During my career, I’ve realised that some of us like to plan in meticulous detail and some of us go with the flow and plan as we move along. There is nothing wrong with either approach, both have their benefits. And if you’re lucky enough to resist falling into either bracket, you can get a good mix of both and have what I call ‘structured flexibility’.
In a work setting, it’s important to have structure yet be sufficiently flexible to deliver change and improvement successfully. We often see organisations create their own challenges because they haven’t allowed time or space to think things through or take an organisation-wide approach to planning. Is this because the ‘day job’ takes over, one wonders?
In a personal setting, planning is also just as important. For example, a weekend away would usually involve choosing a location, checking what the weather will be like, booking a hotel, agreeing the route, booking a restaurant and so on, all things we know we need to do in our heads, and we subconsciously plan for while managing and multi-tasking the other things going on in our lives.
So why is it so difficult in a work setting to plan change and improvement projects?
My experience and insights suggest that for smaller projects, an Agile delivery method works well, but when it comes to more complex, larger projects, an Agile approach makes it much harder to deliver successful outcomes. Is this because larger projects require a different way of thinking? It’s certain that larger projects most definitely require structured governance, processes and people with skills and experience to deliver. Few (if any) projects run smoothly but getting the right delivery approach is crucial in helping to overcome challenges when they come along (and they will).
The debate between allowing a free rein and having structure is thought-provoking in itself. My view is that a good mix of the two is what enables people to thrive and allows change and improvement to continually evolve in any organisation. When delivering change and improvement projects, there are some key considerations:
1. Doing the right thing
Lots of organisations throw themselves headlong into change without stepping back and asking themselves: what’s the problem we are trying to solve, what do we need to do to solve it, and what’s the outcome we want?
Projects are often born from just an inspiring idea and it’s important to be creative, but sometimes little thought is given to ‘doing the right thing’. Having ‘structured flexibility’ considers the change delivery approach, meaning that the best and most appropriate way forward can be defined and agreed. It allows the scope and complexity of a project to be designed and it also considers other delivery approaches before getting into the details of the delivery itself.
2. The cultural approach
Organisational culture is a key component of successful change; it enables an organisation to evolve, but there’s no ‘one size fits all’ when delivering change. It’s not just about planning and the technical side of things, it’s also about a way of thinking, predicting and acting.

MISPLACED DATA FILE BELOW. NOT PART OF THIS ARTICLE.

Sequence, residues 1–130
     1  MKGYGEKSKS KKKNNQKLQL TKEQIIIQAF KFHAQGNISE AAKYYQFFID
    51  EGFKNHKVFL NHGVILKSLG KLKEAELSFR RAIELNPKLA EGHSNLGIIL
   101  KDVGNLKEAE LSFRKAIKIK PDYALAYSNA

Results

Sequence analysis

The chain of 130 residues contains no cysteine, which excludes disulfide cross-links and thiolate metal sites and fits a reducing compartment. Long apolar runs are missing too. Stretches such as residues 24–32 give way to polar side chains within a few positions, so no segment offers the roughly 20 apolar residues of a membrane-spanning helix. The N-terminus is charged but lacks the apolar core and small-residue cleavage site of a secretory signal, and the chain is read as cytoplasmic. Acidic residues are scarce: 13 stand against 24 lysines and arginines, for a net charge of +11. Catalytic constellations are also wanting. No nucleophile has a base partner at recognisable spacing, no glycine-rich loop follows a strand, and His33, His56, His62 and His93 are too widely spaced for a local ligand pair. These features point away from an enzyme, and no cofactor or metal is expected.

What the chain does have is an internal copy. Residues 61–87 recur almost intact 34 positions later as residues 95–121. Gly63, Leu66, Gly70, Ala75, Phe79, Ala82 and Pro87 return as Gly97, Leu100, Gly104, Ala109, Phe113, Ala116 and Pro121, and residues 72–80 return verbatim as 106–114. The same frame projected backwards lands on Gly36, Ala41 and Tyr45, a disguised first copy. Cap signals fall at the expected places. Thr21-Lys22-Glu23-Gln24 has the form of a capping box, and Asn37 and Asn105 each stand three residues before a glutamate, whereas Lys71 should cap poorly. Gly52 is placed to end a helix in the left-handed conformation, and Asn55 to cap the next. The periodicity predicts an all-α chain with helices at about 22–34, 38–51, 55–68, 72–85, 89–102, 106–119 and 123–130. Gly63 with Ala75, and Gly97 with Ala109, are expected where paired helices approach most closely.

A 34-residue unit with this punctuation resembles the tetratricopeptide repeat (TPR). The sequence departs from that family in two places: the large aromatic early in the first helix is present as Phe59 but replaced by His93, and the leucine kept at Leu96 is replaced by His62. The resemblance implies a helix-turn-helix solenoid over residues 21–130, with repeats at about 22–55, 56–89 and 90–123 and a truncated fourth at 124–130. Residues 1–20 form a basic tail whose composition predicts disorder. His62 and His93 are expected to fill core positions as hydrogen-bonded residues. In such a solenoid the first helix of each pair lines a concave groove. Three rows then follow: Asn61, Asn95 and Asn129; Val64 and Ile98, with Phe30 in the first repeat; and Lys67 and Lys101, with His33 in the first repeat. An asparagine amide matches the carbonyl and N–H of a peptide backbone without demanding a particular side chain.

Sometimes ‘structure’ can be seen as a barrier to moving things forward and stifling creativity, but ‘structured flexibility’ allows people to develop and learn new skills while testing themselves. It provides assurance that things are being done in the right way by people who can balance agility against the need to deliver the best outcomes, people who can learn from lessons without fear of failure.
Structured flexibility ensures that the benefits are identified, measured and realised. It allows costs to be controlled and it ensures that risks and problems are being dealt with effectively, while exploiting opportunities when they come along. Above all, the right cultural approach ensures the ownership of a project’s deliverables by people who actually care about what’s being delivered.
3. Appreciation of risk
As the saying goes, “If you don’t invest in risk management, it doesn’t matter what business you’re in, it’s a risky business.” Often in change projects without structure, risk is overlooked.
My opinion is that risk is often misunderstood within projects; sometimes the approach is to plough ahead without really considering risk, particularly with Agile projects. Conversely, some structured projects do consider risk, but there is a tendency to think lots of risks are a good thing and that this goes some way towards justifying the value of a project. Is this a cultural issue?
Structured flexibility allows risk to treated in a manageable way. It enables the focus to be on what’s important and it lets project teams and organisations plan for things that might go wrong and identify what needs to be done to keep things on track. Preparing for risk is a key element in any project delivery method, but not everyone appreciates risk and some see it as a barrier when in fact appreciating and embracing risk is a great opportunity to learn.
In all projects it’s important to be prepared, so ask yourself:
Are the risks in your change projects clear?
Can you be sure they are being effectively managed?
Is there business ownership and accountability within your change projects?
Do you have a project governance approach that provides confidence?
Are your risk management responsibilities clear?
Does your organisation proactively manage project risks, including scrutiny of policies, technical activity, testing, contingency and assurance?
Lastly, do you have a culture that appreciates risk and sees its value?
Good practice is essential to delivering successful outcomes and addressing the areas above (and more) when undertaking complex change projects. Positive scrutiny is essential to help move forward and having a structured and flexible delivery methodology will provide assurance that things are going in the right direction.
Stephen Repton is the CEO of One Consulting.